Following the knock-down, drag-out presidential primary, which pitted the Bernie Bros against the Hillarybots, it looked as if Democrats would be forced to deal with internal factionalism for the foreseeable future. That turned out to be half true. Democrats are involved in myriad messy skirmishes across the midterm map, but the divisions are not between Clinton disciples and Sanders acolytes, they are between cultural moderates and progressives.
Democrats desperately wanted to avoid this situation. Establishment types hoped to put identity politics behind them and instead lean into kitchen table issues like the economy, jobs and health care. Sure, there would inevitably be disagreement between the Sanders wing, who hoped to blow up the status quo in favor of a democratic socialist foundation, and the Clinton wing, who hoped to make incremental changes to the Obama-era framework, but these could be ironed out with enough work. The key was that they were talking about issues that galvanized not just their base, but all Americans.
At least, that was the plan. As Josh Kraushaar reports for National Journal, Democrats are being forced to recon with messy internal skirmishes between strategists and activists that is threatening their chances of winning the House.
But as the nation’s first primaries begin in two weeks, Democrats are recognizing they have some serious problems in critical races with little time to spare. …
[G]rowing activism from the progressive base on the hot-button cultural issues of guns and immigration remain a small risk as crowded primary campaigns get underway. One of the party’s strongest recruits, state Sen. Jeff Van Drew in New Jersey, was harangued by gun-control activists for having accepted money from the National Rifle Association in the past. With that standard becoming a liberal litmus test in the post-Parkland political environment, other Democratic candidates in more conservative parts of the country could feel the heat.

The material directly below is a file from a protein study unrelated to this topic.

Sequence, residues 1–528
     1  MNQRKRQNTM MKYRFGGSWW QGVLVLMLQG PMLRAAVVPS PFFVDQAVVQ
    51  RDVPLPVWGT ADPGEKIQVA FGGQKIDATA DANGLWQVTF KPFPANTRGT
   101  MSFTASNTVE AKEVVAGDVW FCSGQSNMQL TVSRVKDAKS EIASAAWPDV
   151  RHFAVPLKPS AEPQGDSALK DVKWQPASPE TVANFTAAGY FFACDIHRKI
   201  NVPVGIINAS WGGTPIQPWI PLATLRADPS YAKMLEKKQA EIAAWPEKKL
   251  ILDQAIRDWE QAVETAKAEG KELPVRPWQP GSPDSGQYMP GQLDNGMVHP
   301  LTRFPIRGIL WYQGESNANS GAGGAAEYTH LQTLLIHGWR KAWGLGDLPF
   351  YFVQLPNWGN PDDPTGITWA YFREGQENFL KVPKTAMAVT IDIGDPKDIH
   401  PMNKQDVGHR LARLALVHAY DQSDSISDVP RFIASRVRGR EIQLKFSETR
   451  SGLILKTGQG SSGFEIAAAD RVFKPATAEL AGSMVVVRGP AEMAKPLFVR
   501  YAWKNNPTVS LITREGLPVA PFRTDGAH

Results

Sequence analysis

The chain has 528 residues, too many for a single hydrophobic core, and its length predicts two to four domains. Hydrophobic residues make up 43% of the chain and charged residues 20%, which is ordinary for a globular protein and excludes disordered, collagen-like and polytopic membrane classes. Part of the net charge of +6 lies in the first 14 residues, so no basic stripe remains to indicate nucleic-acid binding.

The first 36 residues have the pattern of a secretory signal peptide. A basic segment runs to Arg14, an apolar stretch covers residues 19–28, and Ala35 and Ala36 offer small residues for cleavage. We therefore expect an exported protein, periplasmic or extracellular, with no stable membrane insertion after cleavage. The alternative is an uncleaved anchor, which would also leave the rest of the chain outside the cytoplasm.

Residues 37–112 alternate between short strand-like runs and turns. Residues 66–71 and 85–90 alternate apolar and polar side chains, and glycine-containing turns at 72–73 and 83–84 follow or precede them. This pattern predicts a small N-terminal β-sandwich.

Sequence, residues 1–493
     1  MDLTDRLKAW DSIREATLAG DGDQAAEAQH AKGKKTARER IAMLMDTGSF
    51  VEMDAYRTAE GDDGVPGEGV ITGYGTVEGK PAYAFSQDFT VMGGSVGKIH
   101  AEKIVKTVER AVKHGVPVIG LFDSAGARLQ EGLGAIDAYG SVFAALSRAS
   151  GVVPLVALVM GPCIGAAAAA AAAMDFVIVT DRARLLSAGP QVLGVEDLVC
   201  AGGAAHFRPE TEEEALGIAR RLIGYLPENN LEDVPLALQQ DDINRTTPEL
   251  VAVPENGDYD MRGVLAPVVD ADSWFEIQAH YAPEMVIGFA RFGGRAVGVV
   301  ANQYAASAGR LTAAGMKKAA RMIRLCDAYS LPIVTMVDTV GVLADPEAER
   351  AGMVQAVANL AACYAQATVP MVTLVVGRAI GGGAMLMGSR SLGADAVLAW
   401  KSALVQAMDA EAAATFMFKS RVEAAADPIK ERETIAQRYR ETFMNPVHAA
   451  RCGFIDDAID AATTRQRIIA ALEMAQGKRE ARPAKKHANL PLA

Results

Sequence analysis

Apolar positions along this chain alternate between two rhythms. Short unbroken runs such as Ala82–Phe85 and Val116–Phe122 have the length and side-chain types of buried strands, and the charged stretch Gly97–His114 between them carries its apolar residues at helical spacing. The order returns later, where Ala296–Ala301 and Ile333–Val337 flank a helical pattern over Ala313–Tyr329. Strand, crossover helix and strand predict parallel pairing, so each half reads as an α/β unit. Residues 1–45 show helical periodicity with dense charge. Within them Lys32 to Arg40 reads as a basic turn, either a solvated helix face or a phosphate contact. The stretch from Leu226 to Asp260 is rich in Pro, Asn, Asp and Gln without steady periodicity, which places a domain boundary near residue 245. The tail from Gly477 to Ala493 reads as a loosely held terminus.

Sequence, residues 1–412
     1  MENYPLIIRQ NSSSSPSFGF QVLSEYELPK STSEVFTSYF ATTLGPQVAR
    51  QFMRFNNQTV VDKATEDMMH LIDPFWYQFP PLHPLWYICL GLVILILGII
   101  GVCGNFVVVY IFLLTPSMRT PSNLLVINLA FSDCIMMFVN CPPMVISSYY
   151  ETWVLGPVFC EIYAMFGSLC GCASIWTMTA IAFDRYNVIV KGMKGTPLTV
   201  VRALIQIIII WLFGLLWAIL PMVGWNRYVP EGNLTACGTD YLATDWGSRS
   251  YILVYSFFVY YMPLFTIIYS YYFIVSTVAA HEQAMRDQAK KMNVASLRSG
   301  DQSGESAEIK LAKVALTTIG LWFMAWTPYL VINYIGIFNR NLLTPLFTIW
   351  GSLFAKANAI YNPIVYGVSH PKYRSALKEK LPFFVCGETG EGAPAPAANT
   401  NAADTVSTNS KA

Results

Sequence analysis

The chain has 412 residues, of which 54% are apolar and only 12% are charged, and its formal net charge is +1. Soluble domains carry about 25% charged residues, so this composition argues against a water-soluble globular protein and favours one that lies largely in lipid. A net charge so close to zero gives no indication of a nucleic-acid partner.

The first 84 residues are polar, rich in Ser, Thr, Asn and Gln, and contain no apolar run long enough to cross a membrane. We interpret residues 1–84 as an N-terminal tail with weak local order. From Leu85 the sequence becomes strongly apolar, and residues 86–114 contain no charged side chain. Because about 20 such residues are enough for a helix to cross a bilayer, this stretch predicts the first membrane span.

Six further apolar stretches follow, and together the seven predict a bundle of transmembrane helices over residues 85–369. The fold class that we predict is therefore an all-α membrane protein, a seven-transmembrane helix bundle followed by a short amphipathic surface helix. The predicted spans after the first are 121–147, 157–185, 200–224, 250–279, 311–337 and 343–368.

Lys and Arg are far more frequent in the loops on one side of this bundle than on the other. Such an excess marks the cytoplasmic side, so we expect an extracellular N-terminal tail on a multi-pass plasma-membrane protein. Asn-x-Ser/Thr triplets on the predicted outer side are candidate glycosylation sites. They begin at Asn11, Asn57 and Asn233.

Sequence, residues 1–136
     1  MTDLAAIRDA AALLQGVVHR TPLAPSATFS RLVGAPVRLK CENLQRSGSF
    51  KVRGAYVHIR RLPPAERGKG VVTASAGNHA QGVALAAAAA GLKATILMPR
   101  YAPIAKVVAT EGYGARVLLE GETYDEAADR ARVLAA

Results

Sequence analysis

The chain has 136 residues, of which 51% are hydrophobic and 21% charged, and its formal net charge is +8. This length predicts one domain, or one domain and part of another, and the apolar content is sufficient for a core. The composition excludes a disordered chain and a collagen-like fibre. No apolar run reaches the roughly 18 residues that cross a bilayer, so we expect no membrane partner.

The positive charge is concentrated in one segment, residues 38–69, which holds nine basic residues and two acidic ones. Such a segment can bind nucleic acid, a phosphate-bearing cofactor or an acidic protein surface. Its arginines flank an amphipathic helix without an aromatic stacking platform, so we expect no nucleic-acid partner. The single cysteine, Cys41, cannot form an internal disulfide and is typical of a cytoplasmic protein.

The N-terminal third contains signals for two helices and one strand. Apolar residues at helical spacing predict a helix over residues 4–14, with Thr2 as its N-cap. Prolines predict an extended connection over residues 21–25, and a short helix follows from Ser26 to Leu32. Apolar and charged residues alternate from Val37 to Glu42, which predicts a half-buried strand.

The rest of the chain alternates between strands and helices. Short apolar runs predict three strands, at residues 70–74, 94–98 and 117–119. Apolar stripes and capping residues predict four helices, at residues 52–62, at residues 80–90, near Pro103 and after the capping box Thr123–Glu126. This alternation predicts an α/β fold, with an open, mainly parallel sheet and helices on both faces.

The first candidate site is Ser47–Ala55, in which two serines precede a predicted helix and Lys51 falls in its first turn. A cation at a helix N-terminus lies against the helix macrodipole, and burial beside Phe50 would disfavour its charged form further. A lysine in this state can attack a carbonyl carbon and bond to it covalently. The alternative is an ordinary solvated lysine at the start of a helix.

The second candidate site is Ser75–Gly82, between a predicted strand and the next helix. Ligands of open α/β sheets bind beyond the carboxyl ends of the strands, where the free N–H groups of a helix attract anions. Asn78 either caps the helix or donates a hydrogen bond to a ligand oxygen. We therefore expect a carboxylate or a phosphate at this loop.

Immigration has temporarily faded from the spotlight, but Democrats could seek to distinguish themselves by veering leftward on supporting sanctuary cities or opposing border-security measures. With many battleground House races taking place in the GOP-leaning suburbs, that’s a risky place for a nominee to be.
These are issues that needn’t necessarily be thorns in the sides of Democrats. After all, on immigration President Trump has offered up terms that closely resemble what Sen. Schumer’s Gang of Eight proposed four years ago. And on guns, Trump has called for comprehensive legislation that would expand background checks, improve security in schools, and restrict guns from individuals with mental illness.
Democrats can’t take advantage of the opportunity for making incremental progress because they are dually focused on denying President Trump policy wins and refusing to allow Republicans to own any part of a solution. But by creating liberal litmus tests that offer no room for bipartisan support they eliminate any ability to pass legislation, and they put Democrats in moderate districts at tremendous risk. For if Democrats are to ever regain the House, they absolutely must win back the Obama-turned-Trump voters in the Rust Belt and suburbs surrounding their city-based strongholds.
Second Amendment issues pose a particular challenge for Democrats. As one former Democrat leadership aide told The Hill: “It’s easier to demagogue on this than to do something about it,and you risk overreaching as a party if you try to make it a one-size-fits-all [issue].”
One-size-fits-all appears to be the only size that Democrats know. And frankly, that doesn’t work if the ones doing the sizing come from unrepresentative districts in Nancy Pelosi’s San Francisco and Chuck Schumer’s New York. Democrat strategists clearly understand that dynamic, but activists—who currently control the party’s direction—not only don’t understand, they don’t care. In fact, as Politico’s Laura Nahmias and Lauren Dezenski report, they’re actively primarying any Democrat who doesn’t live within the increasingly narrow boundaries of the party’s orthodoxy.